8 Comments:

Anonymous Anonymous said...

You obviously have not seen the movie, nor, I would guess, have you seen any of the promotional material for same. If you had, I am sure your response would be much more angry. I confess I have not seen the movie, but have seen the promotional material and have seen snippets of Rosie's performance and even an avowed Rosie hater such as myself was shocked at how low she was willing to sink. Her portrayal of the mentally challenged is much more minstrel than anything Al Jolsen did in his mammiest of mammy days, she believes that retarded people wear mismatched shoes and socks and talk like the deaf. Really she should be ashamed.

And what happened to Andie McDowell's career that she would be involved with this crap?

LE

5/04/2005 10:37:00 AM  
Anonymous Anonymous said...

I like the point why couldn't a developmentally disabled person play the part?

If we presume they made this show because of their concern for the developmentally disabled, at least in part, why not take that concern out of the nice thinking abstract and give the job to people that they're allegedly so concerned about?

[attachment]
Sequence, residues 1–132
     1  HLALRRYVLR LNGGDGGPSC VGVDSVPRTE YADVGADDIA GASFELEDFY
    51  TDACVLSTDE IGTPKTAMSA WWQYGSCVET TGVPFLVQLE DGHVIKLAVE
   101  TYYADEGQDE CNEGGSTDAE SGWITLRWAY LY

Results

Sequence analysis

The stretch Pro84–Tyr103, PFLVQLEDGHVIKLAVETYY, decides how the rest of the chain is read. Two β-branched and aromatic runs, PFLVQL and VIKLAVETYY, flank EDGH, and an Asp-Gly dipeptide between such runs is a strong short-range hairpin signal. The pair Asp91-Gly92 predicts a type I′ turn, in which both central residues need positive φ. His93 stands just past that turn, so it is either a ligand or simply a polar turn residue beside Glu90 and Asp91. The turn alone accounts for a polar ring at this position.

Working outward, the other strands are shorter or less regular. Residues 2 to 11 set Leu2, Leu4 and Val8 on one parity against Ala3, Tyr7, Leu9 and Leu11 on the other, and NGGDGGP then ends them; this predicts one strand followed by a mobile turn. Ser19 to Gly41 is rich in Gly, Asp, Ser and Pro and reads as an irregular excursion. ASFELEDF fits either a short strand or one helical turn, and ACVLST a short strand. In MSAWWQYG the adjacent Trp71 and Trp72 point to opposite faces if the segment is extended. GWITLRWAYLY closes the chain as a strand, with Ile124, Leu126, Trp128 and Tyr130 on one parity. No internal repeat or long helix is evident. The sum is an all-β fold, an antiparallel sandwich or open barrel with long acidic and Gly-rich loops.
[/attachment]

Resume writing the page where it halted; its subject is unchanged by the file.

I was reading something recently where a woman was talking about practical feminism, which she meant was not just supporting the ideas but supporting actual women in practical ways when they dealt with the relevant issues. So why not practical anything? If it really makes a difference, don't just tell me a nice story or theory about it, do something about it.

-SuperGenius

5/04/2005 11:21:00 AM  
Blogger the Professor said...

Well, I did see the movie and the Legal Egale does not know how right he is about the performance.
The only defense I could give is to point out that the movie was really bad in lots of other ways. They made all humans look shallow and stupid, not just developmentally disabled people. Of course, that's not much of a defense at all.

5/04/2005 01:43:00 PM  
Anonymous J. said...

I don't know which I find more shocking: The fact that someone admits watching, or the fact that someone thinks all humans aren't stupid and shallow.

5/04/2005 02:18:00 PM  
Blogger Steve Pick said...

It's funny, the preview for that movie got me a little pissed off, too. I think part of the problem is that Rosie O'Donnell tends to be an over-the-top kind of actress, anyway. She's not going to do anything that isn't big and broad, so if she's going to play someone with developmental problems, she's going to be right up there with Robin Williams in trying to overly sentimentalize the character.